Easter 7, Year C

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Title Sermon Date Liturgical Scripture
Advent 2, Year A – the Rev. Deacon Carey Connors December 8, 2019 Advent 2, Year A Matthew 3:1-12
Advent 1, Year A December 1, 2019 First Sunday of Advent, Year A Isaiah 2:1-5, Psalm 122, Romans 13:11-14, Matthew 24:36-44
Last Pentecost, Year C November 24, 2019 Last Pentecost, Christ the King Luke 23:33-43
Pentecost 23, Year C November 17, 2019 Pentecost 23, Year C, Proper 28 Luke 21:5-19
Pentecost 22, Year C November 10, 2019 Pentecost 22, Proper 27, Year C Job 19:23-27a, Luke 20:38
All Saints, Year C November 3, 2019 All Saints’ Sunday, Year C 2019 Luke 6:20-31
Pentecost 20, Year C October 27, 2019 Pentecost 2, Proper 25, Year C 2 Timothy 4:6-8
Pentecost 19, Year C October 20, 2019 Nineteenth Sunday after Pentecost, Proper 24 Luke 18:1-8
Pentecost 18, Year C October 13, 2019 Eighteenth Sunday after Pentecost, Year C Psalm 111, Luke 17:11-19
Pentecost 17, Year C – Rev. Deacon Carey Connors October 6, 2019 Seventeenth Sunday after Pentecost, Year C 2 Timothy 1:1-14,Luke 17:5-10
Season of Creation 5, Year C September 29, 2019 Season of Creation 5, Year B Proverbs 8:22-31, Ephesians 1:3-10, Luke 24:13-35
Season of Creation 4, Year C September 22, 2019 Season of Creation, Year C, Week 4 Luke 16:19-31, Amos 8:4-8
Season of Creation 3, Year C September 15, 2019 Season of Creation, Week 3, Year C Deuteronomy 11:10-17, Luke 15:1-10
Season of Creation 2, Year C September 8, 2019 Season of Creation, Week 2, Year C Genesis 1:26-2:3, I Timothy 6:6-19, Luke 12:22-31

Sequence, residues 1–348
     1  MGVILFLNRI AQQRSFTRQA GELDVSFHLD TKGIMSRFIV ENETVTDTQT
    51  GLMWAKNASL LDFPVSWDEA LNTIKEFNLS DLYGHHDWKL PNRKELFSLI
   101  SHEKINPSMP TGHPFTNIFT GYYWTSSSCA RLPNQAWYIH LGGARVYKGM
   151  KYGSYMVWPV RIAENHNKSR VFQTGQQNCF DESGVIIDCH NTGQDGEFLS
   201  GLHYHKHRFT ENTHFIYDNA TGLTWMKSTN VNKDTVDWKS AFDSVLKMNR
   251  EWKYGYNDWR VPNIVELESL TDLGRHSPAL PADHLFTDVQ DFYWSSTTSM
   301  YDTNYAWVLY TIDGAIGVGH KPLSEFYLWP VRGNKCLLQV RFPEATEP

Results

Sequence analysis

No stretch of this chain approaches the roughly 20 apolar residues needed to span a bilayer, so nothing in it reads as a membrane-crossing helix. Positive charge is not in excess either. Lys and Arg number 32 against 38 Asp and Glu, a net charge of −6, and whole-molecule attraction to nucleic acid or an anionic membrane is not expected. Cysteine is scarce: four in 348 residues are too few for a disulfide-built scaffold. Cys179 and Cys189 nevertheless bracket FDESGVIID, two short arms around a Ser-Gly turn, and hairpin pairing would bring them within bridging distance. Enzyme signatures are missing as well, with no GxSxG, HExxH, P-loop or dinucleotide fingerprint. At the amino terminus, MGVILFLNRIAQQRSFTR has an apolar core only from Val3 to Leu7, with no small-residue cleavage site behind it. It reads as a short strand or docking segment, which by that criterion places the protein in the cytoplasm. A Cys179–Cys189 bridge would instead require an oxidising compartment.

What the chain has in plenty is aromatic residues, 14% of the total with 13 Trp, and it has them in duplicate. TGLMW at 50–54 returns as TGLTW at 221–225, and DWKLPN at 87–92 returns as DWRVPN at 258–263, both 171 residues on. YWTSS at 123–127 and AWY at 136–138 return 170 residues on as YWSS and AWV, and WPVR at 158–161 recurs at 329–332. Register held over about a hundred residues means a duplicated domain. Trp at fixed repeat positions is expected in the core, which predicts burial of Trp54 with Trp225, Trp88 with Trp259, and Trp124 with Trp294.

Season of Creation 1, Year C September 1, 2019 Season of Creation 1, Year C Genesis 1:1-25, Revelation 22:1-5, John 1:1-5, 14

 

Easter 7, Year C

Sermon Date:June 2, 2019

Scripture: Psalm 97, Acts 16:16-34, John 17:20-26

Liturgy Calendar: The Seventh Sunday of Easter, Year C


Praise to God transforms our lives.

Praise is powerful, praise is strengthening, praise is healing, and praise is hopeful.   Listen to these verses from today’s psalm, Psalm 97.   

“The Lord is King; let the earth rejoice; let the multitude of isles be glad…rejoice in the Lord, you righteous, and give thanks to his holy Name.”  (Verses 1 and 12)

Today, we rejoice and give thanks as we have been doing throughout the season of Easter, rejoicing and giving thanks because we believe that God really is King, and that through the grace of God through Jesus Christ, we have been made right with God—even when evil seems to have the upper hand. 

In this past Friday’s Thy Kingdom Come daily video, Jasmine Yeboah, Youth President of the Methodist Conference in Britain, reflects on the power of praise.  She tells the children in her children’s choir that sometimes life throws us stones and dirt, and we can use these stones to make platforms to get stand on and to be who God has called us to be. 

The idea is to be able to praise God and to say thank you even when evil seems to be in control.

Today’s story in Acts is a great illustration of the power of praise, especially in the presence of evil.

Paul and Silas are in Macedonia, and they are telling everyone there about what God has done through Jesus.  Paul throws an evil spirit out of a slave girl who makes money for her owners through her prophecies. 

And because the owners of the girl no longer have a source of income from this girl, they are angry and drag Paul and Silas to the magistrates.  The crowd joins in the furor, and the magistrates decree that Paul and Silas be stripped of their clothing and severely beaten, and then thrown into jail, in the innermost cell, and their feet are placed in the stocks as an extra precaution against their escape. 

Paul and Silas take this opportunity to pray and to sing hymns to God.  As they praise God, they are filled with strength, and with hope–because as Jasmine says on her video, “we don’t lose hope when we praise.” 

The other prisoners are listening to Paul and Silas give praise to God, and when an earthquake liberates them all, they stay put—I imagine because they are so full of wonder at what they are hearing that they don’t even think about escaping.